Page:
Date: Thu, 13 Jan 94 09:09:48 PST From: Chris Weight <chriswei at microsoft.com> Subject: pressurized plane compartments | >... Has anyone | > taken them in the unpressurized baggage compartment?... | The baggage compartment is pressurized. It's at the same pressure as the | cabin. (Remember that airlines transport animals in baggage!) Ooh, I can't resist a story...A friend of a friend who used to work for an air shipping company tells of a plane that arrived with a dead dog because it was placed in the wrong (unheated, unpressurized) baggage compartment. Well, they went searching for another dog that looked like it and found one, but when the owner arrived to claim the dog, they went hysterical because the dog was *supposed* to be dead; it was being shipped home for burial. So on commercial planes at least, the animal storage baggage compartments are separate from the regular baggage compartment. Apparently in modern passenger planes all the compartments are pressurized and heated to roughly the same degree as the cabin, but older planes may not be so kind. Seems a bit risky to me...and frozen beer in the undies...yech. Chris. Return to table of contents
Date: Thu, 13 Jan 94 13:05:53 EST From: John DeCarlo <jdecarlo at homebrew.mitre.org> Subject: Plastic Carboys Try and find out what type of plastic is being used for the carboys. Some are capable of leaching dyes or plasticizers into alcoholic liquids, while they are perfectly safe for water. Others are great for beer and water both. Look on the bottom for identification information. The manufacturer should be able to tell you. John DeCarlo, MITRE Corporation, McLean, VA--My views are my own Fidonet: 1:109/131 Internet: jdecarlo at mitre.org Return to table of contents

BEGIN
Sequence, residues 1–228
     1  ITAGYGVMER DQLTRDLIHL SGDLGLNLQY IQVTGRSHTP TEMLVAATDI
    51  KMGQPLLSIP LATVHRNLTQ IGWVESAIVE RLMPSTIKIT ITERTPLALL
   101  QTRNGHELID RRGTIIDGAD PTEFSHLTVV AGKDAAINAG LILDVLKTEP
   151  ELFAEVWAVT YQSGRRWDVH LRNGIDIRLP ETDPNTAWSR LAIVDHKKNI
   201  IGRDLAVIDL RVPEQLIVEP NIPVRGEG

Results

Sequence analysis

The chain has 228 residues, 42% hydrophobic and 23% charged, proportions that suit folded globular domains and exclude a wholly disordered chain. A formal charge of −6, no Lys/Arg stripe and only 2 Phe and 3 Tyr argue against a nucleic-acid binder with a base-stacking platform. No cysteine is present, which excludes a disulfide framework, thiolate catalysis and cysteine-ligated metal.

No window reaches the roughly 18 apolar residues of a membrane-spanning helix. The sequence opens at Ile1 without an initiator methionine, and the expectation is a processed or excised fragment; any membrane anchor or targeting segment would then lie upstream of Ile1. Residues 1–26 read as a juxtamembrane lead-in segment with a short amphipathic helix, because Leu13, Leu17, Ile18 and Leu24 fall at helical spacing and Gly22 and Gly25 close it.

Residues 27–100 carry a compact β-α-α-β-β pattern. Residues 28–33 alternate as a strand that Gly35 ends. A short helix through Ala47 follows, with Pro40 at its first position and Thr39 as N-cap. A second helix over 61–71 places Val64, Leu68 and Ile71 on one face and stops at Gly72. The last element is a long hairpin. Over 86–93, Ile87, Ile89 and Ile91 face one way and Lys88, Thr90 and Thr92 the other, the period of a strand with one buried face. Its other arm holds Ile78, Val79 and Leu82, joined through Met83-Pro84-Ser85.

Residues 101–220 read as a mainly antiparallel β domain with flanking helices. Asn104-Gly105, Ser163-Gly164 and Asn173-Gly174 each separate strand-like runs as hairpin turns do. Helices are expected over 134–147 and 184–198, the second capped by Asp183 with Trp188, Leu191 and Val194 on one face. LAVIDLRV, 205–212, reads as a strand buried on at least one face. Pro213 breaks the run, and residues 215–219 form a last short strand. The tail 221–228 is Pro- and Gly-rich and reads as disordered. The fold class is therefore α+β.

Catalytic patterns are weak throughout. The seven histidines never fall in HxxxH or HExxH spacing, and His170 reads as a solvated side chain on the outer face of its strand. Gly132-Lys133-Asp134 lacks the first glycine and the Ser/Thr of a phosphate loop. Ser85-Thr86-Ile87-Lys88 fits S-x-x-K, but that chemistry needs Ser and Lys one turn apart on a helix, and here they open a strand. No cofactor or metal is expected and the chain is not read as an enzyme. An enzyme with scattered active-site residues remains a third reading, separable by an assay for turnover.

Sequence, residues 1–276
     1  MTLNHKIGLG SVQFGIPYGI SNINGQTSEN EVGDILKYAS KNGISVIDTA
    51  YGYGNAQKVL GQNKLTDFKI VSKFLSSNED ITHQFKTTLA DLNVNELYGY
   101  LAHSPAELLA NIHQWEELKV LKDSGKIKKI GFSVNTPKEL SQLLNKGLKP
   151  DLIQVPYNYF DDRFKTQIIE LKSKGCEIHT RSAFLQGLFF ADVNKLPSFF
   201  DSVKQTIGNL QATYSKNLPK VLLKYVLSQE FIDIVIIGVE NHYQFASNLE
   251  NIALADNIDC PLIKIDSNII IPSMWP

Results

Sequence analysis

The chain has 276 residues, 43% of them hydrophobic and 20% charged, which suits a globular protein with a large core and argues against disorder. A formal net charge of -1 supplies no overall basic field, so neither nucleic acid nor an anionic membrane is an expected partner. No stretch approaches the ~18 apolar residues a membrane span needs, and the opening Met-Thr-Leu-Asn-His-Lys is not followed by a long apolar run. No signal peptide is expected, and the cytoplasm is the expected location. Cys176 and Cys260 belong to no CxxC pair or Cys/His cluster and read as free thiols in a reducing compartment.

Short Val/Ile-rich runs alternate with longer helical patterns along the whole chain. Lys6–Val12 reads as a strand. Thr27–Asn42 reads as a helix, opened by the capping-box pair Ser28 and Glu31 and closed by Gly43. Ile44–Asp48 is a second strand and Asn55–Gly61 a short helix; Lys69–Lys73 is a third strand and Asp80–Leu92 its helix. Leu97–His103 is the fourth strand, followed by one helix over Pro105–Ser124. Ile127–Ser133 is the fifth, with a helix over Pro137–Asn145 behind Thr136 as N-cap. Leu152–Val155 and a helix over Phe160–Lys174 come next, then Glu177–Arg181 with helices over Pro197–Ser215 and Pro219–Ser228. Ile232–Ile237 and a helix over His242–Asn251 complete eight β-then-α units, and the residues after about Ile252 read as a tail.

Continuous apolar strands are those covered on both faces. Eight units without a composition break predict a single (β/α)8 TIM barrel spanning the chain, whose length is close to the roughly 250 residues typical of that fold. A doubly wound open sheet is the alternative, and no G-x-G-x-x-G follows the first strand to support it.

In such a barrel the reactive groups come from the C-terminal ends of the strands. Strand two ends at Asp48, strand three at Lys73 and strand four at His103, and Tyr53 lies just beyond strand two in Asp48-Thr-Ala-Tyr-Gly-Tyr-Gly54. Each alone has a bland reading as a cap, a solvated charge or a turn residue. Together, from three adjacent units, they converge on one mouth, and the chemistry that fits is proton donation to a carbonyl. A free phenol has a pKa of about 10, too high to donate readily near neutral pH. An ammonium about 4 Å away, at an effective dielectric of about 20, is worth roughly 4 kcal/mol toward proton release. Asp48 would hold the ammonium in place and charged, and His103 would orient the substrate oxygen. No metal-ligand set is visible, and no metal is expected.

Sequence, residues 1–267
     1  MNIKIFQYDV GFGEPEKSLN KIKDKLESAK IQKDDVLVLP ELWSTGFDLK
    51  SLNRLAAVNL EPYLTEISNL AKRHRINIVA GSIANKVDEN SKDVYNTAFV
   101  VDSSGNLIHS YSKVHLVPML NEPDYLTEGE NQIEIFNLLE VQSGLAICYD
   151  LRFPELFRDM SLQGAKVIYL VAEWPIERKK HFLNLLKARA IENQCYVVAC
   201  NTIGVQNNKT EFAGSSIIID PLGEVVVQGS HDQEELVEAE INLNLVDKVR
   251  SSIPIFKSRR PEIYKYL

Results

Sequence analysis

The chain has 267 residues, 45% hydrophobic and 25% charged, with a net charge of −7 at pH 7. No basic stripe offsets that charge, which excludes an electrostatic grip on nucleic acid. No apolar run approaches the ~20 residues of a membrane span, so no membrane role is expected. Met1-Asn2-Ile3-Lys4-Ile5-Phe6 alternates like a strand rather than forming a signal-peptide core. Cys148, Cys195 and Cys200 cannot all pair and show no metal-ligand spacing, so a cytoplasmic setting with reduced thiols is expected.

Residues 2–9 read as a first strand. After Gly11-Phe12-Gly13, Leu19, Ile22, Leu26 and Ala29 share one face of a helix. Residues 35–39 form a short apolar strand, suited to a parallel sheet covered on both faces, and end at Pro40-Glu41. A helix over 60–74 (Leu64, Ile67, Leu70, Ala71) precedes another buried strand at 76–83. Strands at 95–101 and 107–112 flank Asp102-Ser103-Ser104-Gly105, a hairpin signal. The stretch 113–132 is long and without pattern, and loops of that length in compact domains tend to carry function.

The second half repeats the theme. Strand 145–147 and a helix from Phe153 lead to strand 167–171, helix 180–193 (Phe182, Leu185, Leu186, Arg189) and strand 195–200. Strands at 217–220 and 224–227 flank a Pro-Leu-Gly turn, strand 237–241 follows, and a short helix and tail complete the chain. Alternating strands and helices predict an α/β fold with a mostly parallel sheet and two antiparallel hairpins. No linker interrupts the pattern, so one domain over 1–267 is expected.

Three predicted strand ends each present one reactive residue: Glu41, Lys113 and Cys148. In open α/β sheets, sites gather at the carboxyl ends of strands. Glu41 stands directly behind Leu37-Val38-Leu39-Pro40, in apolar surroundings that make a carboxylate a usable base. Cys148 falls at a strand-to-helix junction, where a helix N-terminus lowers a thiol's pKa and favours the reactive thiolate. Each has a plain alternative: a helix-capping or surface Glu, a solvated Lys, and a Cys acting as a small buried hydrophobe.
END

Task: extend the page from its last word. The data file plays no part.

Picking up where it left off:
Date: Thu, 13 Jan 94 13:12:50 EST From: John DeCarlo <jdecarlo at homebrew.mitre.org> Subject: Transporting Homebrew/Alcohol Capsule summary--I am not a lawyer. USPS--They are restricted from shipping commercial alcoholic beverages. They interpret this to mean *all* alcohol. A lawsuit might get them to give homebrew an exemption from this policy. UPS/RPS/Other shippers--They have to deal with the individual rules of each state. This means most will just tell you they don't ship alcohol. Some may tell you they can ship it to California but not Utah from Virginia (made up examples) if they put in extra work. Bottom Line--If you don't tell the shippers there is alcohol in there, and it is packaged safely, you should be all set. Most of the restrictions are because of local concerns with collecting taxes, which don't apply to homebrew anyway (IMHO). John DeCarlo, MITRE Corporation, McLean, VA--My views are my own Fidonet: 1:109/131 Internet: jdecarlo at mitre.org Return to table of contents